If Dish is displaying a Disney work in a manner that does not comply with those conditions/restrictions, then it's not licensed, and the fact that they may have a license or sublicense to display the work *in some other manner* is no defense.

     

    reply to this | link to this | view in thread ]

  30.  
    identicon
    Anonymous Coward, May 4th, 2011 @ 10:05am

    Re: Re:

    Depends. It's either TAM or Mike depending on your outlook on things.

     

    reply to this | link to this | view in thread ]

  31.  
    icon
    Hiiragi Kagami (profile), May 4th, 2011 @ 10:05am

    Re:

    Your post is interesting, but I don't believe it's hitting the point of the infringement issue.

    Let's make this simpler: Imagine if Dish were a toll booth. It may not have rights to the cars passing through its gates, but it most certainly has a right to control how those cars are to pass. If the toll booth wishes to waive the fee, there is no infringement.

    What Disney is trying to do is assume the copyright befalls the toll booth, not the vehicles, and that's just not how this works.

    The relationship between Starz and Dish is on the context that Dish will pay for licenses and this has no bearing on 3rd parties. Copyright law does not extend beyond the first license.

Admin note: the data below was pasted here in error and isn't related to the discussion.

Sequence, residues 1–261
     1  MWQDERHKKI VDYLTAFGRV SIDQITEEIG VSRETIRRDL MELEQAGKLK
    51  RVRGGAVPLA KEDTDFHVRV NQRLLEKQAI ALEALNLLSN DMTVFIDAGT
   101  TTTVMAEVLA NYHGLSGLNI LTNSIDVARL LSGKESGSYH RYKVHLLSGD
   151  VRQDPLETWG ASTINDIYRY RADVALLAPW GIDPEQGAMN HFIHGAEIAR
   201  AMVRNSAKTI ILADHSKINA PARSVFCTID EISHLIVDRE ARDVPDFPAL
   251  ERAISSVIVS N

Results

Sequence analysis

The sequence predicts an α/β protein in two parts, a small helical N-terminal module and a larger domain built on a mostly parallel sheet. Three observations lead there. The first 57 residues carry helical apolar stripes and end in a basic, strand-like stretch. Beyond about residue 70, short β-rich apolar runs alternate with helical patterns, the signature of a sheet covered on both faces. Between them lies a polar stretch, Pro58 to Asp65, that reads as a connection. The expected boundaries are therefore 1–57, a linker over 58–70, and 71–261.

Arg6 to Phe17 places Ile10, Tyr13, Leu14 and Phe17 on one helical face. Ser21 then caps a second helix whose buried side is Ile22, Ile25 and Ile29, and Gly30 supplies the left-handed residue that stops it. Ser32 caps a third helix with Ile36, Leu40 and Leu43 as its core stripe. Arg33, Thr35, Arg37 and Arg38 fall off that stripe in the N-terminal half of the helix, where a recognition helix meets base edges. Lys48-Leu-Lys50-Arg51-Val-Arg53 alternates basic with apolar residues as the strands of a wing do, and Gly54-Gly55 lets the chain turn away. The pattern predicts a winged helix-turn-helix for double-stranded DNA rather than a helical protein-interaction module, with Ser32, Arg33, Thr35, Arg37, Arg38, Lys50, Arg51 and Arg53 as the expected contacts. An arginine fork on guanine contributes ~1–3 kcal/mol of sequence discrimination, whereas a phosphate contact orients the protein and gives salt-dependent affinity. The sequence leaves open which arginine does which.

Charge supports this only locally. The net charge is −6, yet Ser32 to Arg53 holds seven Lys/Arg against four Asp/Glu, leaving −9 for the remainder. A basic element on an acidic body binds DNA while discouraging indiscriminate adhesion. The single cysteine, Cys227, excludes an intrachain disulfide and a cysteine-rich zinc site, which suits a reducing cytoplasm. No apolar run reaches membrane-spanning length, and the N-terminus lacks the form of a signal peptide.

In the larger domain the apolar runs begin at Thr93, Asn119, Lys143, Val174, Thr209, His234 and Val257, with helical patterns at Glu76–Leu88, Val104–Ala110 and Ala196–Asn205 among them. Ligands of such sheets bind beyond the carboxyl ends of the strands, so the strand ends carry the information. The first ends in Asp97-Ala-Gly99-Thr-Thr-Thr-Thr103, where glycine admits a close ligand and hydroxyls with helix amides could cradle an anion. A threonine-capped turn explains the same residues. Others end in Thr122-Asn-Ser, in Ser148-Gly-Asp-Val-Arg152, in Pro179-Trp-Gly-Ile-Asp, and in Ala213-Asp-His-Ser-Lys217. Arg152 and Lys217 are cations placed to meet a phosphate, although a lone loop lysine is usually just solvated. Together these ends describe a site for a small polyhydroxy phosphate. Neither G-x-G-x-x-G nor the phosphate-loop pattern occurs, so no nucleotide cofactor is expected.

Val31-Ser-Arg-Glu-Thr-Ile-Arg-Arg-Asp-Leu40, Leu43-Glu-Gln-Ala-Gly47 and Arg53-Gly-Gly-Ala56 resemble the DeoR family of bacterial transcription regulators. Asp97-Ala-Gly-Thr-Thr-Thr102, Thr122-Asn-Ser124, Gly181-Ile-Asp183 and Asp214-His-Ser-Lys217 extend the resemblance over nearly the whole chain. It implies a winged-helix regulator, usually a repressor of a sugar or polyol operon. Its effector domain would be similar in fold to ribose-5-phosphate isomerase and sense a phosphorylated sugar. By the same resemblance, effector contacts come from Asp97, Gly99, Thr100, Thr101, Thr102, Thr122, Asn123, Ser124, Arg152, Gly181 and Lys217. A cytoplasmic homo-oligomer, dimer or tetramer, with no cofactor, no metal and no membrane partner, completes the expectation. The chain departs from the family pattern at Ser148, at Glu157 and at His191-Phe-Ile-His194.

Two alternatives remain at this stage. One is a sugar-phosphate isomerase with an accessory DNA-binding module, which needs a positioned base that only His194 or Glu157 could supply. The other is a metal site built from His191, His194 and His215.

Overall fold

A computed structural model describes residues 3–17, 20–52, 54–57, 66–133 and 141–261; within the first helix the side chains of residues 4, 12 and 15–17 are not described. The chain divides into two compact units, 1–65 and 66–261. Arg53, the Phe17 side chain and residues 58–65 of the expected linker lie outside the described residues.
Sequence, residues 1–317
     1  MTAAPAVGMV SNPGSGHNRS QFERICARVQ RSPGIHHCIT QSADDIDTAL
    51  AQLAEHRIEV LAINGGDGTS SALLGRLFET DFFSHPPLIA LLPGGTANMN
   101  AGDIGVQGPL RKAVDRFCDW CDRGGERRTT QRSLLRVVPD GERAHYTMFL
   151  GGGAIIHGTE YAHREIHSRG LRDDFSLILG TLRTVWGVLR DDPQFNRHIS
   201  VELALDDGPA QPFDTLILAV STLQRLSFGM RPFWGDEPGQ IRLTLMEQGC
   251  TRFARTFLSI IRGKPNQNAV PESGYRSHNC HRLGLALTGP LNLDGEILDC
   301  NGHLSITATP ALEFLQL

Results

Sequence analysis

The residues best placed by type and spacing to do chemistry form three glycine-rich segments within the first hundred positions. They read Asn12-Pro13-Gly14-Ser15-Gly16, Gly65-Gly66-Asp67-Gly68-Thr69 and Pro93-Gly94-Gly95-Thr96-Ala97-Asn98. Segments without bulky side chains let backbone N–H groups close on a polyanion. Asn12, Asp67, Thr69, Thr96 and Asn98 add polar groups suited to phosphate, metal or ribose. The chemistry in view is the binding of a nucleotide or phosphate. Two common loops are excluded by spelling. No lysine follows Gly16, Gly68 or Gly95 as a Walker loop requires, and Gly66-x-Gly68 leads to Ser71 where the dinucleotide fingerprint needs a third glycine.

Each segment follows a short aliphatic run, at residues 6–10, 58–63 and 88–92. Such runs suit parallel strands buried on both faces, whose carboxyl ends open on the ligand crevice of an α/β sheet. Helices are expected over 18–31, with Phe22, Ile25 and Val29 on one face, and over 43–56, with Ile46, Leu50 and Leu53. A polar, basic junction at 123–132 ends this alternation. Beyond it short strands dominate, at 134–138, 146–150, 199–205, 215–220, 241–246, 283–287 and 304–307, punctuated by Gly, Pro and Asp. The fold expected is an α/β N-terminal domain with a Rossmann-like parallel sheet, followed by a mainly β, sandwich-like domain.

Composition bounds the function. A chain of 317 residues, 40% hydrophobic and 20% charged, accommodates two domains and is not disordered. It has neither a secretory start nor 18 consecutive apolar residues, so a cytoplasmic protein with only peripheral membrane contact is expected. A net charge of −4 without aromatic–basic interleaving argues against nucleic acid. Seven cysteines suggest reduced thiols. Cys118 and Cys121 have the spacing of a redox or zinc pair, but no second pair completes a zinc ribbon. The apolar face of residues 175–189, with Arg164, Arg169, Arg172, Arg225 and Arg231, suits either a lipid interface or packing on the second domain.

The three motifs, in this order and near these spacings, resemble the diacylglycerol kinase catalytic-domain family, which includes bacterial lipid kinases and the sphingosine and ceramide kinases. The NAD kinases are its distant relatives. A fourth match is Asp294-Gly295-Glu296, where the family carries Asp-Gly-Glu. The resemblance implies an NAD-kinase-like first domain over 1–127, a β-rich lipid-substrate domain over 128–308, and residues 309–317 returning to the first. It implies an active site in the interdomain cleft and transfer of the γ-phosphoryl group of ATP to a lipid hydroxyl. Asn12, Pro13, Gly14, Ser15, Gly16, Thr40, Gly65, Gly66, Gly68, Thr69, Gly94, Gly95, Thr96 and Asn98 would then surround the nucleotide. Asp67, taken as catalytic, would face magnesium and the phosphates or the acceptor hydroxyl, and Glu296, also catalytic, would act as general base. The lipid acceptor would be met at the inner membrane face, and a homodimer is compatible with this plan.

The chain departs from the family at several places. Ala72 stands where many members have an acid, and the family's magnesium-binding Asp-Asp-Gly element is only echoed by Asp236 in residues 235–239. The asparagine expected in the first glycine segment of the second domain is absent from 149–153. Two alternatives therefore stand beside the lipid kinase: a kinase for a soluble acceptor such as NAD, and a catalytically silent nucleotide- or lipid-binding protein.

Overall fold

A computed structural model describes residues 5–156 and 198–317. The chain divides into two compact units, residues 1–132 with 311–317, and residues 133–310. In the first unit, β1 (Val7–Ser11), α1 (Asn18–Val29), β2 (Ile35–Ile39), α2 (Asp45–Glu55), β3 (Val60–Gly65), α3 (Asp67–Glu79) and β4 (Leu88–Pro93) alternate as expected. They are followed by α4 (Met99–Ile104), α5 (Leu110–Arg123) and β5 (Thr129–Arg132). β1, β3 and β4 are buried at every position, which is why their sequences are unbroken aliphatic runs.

However, it's not surprising to see Disney chase this. It's not the first time they've tried to go after tiered licenses, which is nothing more than getting multiple parties to pay for multiple licenses for the same content.

    I will state if Disney wins this case, all through appeals and higher courts, this will set one of the worst precedents in copyright history.

    I can't speak for anyone here, but I wouldn't want to be responsible for having to pay "Nth" fees for licenses to cover every party between me and the content owner.

     

    reply to this | link to this | view in thread ]

  32.  
    identicon
    Anonymous Coward, May 4th, 2011 @ 10:05am

    Re: Re:

    This is similar to real property law and other areas of law.

    When you buy a house, you get title insurance to guard against the possibility the seller doesn't actually own the house.

    Of course, there are going to be lawyers involved in a deal like this no matter what. Cest la vie.

     

    reply to this | link to this | view in thread ]

  33.  
    identicon